Police Scotland has set out plans to invest around £200 million in new technology after admitting that outdated IT systems will leave the force struggling to tackle cyber crime and could affect its ability to attract new recruits.
A report due to be presented to the Scottish Police Authority on Friday underlines the urgent need for improvement, stating that “current technology capability will continue to fall short in giving our officers and staff the tools they need to do the job to best serve our communities”.
Officers are facing an increasingly sophisticated threat from criminals who are “investing heavily” in technology, it warns.
“This will create further strain on the service, increase the risk to the public and our officers, and will undoubtedly inhibit our ability to prevent the public being exploited and targeted by highly sophisticated technology-enabled criminals,” the report adds.
“The lack of a current, relevant and an attractive technology-based operating environment for our officers and staff will also impact our ability to attract the future talent we need to grow and support the service.
“Eventually people will just not join an organisation which is rooted in the 20th century and is not keeping pace with norms of the society that we live in.”
The force’s new digital, data, and ICT strategy states that other UK forces have invested in new technology much faster than Police Scotland, which has “historically under-invested”.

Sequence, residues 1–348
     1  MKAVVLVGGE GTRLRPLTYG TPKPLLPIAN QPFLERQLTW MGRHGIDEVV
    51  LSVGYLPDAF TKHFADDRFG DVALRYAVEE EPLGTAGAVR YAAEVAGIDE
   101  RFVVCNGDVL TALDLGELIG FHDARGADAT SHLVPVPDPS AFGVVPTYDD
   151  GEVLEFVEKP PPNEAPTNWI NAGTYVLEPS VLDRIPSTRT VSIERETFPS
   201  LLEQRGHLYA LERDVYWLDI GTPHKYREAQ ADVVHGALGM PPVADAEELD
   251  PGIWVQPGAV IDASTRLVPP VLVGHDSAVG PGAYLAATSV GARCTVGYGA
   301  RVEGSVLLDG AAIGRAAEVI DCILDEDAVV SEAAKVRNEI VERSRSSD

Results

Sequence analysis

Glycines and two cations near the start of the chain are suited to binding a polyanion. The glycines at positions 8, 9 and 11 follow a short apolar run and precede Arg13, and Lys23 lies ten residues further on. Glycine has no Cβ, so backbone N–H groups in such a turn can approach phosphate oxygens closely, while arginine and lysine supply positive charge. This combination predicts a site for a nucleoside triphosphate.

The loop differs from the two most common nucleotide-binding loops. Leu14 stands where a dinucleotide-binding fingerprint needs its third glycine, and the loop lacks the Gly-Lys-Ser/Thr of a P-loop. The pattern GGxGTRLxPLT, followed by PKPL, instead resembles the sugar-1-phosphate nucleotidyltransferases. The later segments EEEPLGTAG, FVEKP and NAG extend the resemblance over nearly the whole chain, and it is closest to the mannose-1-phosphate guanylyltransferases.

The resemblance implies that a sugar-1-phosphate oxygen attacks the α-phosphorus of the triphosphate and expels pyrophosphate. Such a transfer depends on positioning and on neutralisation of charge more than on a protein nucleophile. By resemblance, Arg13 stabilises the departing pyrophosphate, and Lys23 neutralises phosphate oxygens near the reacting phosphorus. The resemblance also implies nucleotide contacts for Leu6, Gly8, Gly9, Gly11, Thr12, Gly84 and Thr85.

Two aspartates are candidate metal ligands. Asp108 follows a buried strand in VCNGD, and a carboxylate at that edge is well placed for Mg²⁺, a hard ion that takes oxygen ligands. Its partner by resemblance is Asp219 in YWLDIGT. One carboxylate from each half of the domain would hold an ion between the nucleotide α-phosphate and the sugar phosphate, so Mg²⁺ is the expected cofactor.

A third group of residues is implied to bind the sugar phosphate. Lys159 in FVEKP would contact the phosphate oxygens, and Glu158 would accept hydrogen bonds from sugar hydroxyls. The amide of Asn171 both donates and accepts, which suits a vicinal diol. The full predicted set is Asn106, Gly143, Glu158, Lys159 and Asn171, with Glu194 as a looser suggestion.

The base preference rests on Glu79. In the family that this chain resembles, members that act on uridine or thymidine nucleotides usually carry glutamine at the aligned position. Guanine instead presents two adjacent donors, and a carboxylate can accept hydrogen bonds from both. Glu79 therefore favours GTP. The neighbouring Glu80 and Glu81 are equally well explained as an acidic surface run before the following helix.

Its systems require officers to capture the same information several times, while fewer than 3,000 of its 17,000 officers have mobile devices to enable them to record data on the move.
Meanwhile a number of different systems continue to operate in different parts of the country after the £46 million i6 scheme aimed at replacing them failed in 2016.
Police Scotland’s new plan for improvement includes replacing “an ageing and complex legacy ICT estate to support the force to operate as a single, integrated organisation”.
It states: “We want to invest significantly in delivering this plan.
“We estimate that it will require capital investment of up to £200 million over five years and are making the case for this investment to our partners.”
It says the changes would enable savings of up to £35.5 million each year by 2022.
Police Scotland’s deputy chief officer David Page, who will present the plans, said the investment would also allow officers to spend more time on the front line, and help in the prevention and early detection of crime.
A Scottish Government spokesman said: “Ministers are committed to investing in further transformation of the service, including through real-terms protection of the police resource budget in every year of this parliament.
“In addition, we are providing a further £31 million of dedicated reform funding this year and have ensured that the service can retain the £25 million previously paid to the UK Treasury in VAT each year.
“As a result, Police Scotland are able to invest almost £5 million this year in the development of those core operational systems used by officers on a day-to-day basis.”
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